Australia: Karrie Webb (8), Katherine Hull-Kirk (107), Stacey Keating (114), Lindsey Wright (129), Rebecca Artis (148), Sarah Jane Smith (185), Nikki Campbell (213), Bree Arthur (223), Sarah Kemp (231), Kristie Smith (232).

Webb may be the only Hall of Famer to qualify for this international team event, but this is a team with proven winners in the United States, Europe and their native Australia.

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McCoy earns medalist honors at Q-School

By Will GrayDecember 11, 2017, 12:30 am

One year after his budding career was derailed by a car accident, Lee McCoy got back on track by earning medalist honors at the final stage of Tour Q-School.

McCoy shot a final-round 65 at Whirlwind Golf Club in Chandler, Ariz., to finish the 72-hole event at 28 under. That total left him two shots ahead of Sung-Jae Im and guaranteed him fully-exempt status on the developmental circuit in 2018.

It's an impressive turnaround for the former University of Georgia standout who finished fourth at the 2016 Valspar Championship as an amateur while playing alongside Jordan Spieth in the final round. But he broke his wrist in a car accident the day before second stage of Q-School last year, leaving him without status on any major tour to begin the year.

McCoy was not the only player who left Arizona smiling. Everyone in the top 10 and ties will be exempt through the first 12 events of the new Tour season, a group that includes former amateur standouts Curtis Luck (T-3), Sam Burns (T-10) and Maverick McNealy (T-10).

Players who finished outside the top 10 but inside the top 45 and ties earned exemptions into the first eight events of 2018. That group includes Cameron Champ (T-16), who led the field in driving at this year's U.S. Open as an amateur, and Wyndham Clark (T-23).

Everyone who advanced to the final stage of Q-School will have at least conditional Tour status in 2018. Among those who failed to secure guaranteed starts this week were Robby Shelton, Rico Hoey, Jordan Niebrugge, Joaquin Niemann and Kevin Hall.

Els honored with Heisman Humanitarian Award

By Golf Channel DigitalDecember 10, 2017, 11:41 pm

The annual Heisman Trophy award ceremony is one of the biggest moments in any football season, but there was a touching non-football moment as well on Saturday night as Ernie Els received the Heisman Humanitarian Award.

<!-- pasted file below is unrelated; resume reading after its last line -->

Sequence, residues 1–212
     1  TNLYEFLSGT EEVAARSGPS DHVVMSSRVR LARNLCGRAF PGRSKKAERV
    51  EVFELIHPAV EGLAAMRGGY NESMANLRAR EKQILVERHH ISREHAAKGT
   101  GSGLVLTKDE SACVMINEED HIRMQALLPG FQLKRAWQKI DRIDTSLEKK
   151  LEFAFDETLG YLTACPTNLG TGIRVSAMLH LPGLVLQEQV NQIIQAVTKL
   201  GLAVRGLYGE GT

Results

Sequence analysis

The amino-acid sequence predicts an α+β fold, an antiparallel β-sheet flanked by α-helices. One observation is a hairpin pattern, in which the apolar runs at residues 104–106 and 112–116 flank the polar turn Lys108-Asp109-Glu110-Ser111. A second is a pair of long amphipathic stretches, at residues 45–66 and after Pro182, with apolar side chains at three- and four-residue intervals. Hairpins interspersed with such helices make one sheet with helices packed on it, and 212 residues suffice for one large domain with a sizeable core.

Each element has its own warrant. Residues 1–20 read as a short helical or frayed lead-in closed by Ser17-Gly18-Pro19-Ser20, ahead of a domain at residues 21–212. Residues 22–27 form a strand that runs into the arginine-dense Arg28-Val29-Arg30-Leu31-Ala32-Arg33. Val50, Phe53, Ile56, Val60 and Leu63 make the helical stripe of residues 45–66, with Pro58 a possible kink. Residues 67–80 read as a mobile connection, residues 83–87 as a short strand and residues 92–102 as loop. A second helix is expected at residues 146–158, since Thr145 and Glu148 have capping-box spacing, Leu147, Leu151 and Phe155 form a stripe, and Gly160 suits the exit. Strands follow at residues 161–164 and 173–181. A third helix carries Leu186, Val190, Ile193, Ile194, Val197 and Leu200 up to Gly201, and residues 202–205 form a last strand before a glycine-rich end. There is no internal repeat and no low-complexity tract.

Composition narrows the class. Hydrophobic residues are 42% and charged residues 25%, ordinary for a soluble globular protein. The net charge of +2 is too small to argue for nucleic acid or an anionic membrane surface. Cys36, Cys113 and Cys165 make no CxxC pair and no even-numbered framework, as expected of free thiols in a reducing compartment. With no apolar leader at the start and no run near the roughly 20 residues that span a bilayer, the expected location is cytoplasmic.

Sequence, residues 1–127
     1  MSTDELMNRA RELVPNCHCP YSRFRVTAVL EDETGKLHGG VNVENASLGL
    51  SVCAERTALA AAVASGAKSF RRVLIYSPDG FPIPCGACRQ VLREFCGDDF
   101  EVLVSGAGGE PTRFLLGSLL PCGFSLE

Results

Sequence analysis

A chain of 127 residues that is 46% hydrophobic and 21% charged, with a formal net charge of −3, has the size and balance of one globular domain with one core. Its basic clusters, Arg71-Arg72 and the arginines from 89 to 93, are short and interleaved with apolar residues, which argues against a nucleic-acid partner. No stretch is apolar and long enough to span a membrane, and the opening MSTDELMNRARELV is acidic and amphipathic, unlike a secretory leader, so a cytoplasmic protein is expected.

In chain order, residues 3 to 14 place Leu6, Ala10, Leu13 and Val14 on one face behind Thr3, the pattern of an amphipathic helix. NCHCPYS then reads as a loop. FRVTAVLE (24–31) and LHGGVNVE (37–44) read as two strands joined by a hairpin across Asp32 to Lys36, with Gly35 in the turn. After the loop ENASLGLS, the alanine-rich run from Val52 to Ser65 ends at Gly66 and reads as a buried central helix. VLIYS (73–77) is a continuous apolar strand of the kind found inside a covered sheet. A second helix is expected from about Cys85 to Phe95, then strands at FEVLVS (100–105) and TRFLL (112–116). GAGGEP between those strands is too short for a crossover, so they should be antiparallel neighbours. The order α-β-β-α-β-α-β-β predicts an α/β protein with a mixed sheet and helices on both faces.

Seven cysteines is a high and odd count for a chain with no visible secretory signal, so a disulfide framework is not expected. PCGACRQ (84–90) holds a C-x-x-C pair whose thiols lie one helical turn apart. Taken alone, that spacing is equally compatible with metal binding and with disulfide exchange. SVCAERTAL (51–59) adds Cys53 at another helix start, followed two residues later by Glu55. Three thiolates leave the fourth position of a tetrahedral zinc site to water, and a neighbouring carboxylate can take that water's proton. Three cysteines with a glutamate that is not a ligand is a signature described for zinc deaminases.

The award, which had been announced in August, recognized Els' ongoing efforts on behalf of his Els for Autism foundation. Els received the award at Manhattan's PlayStation Theater, where Oklahoma quarterback Baker Mayfield won the Heisman Trophy.

Els, 47, founded Els for Autism in 2009 with his wife after their son, Ben, was diagnosed with autism. Their efforts have since flourished into a 26-acre campus in Jupiter, Fla., and the creation of the Els Center for Excellence in 2015.

The Heisman Humanitarian Award has been given out since 2006. Past recipients include NBA center David Robinson, NFL running back Warrick Dunn, soccer star Mia Hamm and NASCAR driver Jeff Gordon.

A native of South Africa, Els won the U.S. Open in 1994 and 1997 and The Open in 2002 and 2012. He has won 19 times on the PGA Tour and was inducted into the World Golf Hall of Fame in 2011.

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Monday finish for Joburg Open; Sharma leads by 4

By Golf Channel DigitalDecember 10, 2017, 8:57 pm

Rain, lightning and hail pushed the Joburg Open to a Monday finish, with India’s Shubhankar Sharma holding a four-stroke lead with 11 holes to play in Johannesburg.

Play is scheduled to resume at 7:30 a.m. local time.

South Africa’s Erik van Rooyen will have a 3-foot putt for birdie to move within three shots of Sharma wen play resumes at the Randpark Golf Club. Sarma is at 22 under par.

Tapio Pulkkanen of Finland and James Morrison of England are tied for third at 14 under. Pulkkanen has 10 holes remaining, Morrison 11.

The top three finishers who are not already exempt, will get spots in next year’s Open Championship at Carnoustie.



Stricker, O'Hair team to win QBE Shootout

By Will GrayDecember 10, 2017, 8:55 pm

It may not count in the official tally, but Steve Stricker is once again in the winner's circle on the PGA Tour.

Stricker teamed with Sean O'Hair to win the two-person QBE Shootout, as the duo combined for a better-ball 64 in the final round to finish two shots clear of Graeme McDowell and Shane Lowry. It's the second win in this event for both men; Stricker won with Jerry Kelly back in 2009 while O'Hair lifted the trophy with Kenny Perry in 2012.

Stricker and O'Hair led wire-to-wire in the 54-hole, unofficial event after posting a 15-under 57 during the opening-round scramble.

"We just really gelled well together," Stricker said. "With his length the first day, getting some clubs into the greens, some short irons for me, we just fed off that first day quite a bit. We felt comfortable with one another."

Full-field scores from the QBE Shootout

Stricker won 12 times during his PGA Tour career, most recently at the 2012 Tournament of Champions. More recently the 50-year-old has been splitting his time on the PGA Tour Champions and captained the U.S. to a victory at the Presidents Cup in October. O'Hair has four official Tour wins, most recently at the 2011 RBC Canadian Open.

Pat Perez and Brian Harman finished alone in third, four shots behind Stricker and O'Hair. Lexi Thompson and Tony Finau, the lone co-ed pairing in the 12-team event, finished among a tie for fourth.